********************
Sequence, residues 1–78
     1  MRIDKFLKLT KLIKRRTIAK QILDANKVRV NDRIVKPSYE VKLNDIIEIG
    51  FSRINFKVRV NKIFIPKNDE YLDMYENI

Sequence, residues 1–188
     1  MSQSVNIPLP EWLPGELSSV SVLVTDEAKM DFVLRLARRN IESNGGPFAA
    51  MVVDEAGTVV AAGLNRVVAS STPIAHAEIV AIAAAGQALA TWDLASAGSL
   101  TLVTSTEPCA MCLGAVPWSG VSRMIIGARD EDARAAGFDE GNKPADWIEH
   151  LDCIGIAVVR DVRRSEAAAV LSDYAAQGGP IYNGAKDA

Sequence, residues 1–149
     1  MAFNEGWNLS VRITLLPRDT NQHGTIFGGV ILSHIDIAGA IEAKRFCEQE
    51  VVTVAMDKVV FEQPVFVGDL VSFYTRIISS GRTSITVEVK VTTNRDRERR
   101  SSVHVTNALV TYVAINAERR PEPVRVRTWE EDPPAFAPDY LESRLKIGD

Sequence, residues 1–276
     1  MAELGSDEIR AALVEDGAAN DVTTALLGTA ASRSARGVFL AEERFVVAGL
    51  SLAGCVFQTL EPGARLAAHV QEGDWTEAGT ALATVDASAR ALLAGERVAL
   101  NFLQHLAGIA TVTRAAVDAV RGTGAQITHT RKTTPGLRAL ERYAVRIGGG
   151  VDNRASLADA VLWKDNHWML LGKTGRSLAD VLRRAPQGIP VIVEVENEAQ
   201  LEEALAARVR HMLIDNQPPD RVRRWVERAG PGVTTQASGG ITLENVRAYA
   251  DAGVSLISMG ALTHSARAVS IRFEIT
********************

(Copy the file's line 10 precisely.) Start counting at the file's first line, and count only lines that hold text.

     1  MAFNEGWNLS VRITLLPRDT NQHGTIFGGV ILSHIDIAGA IEAKRFCEQE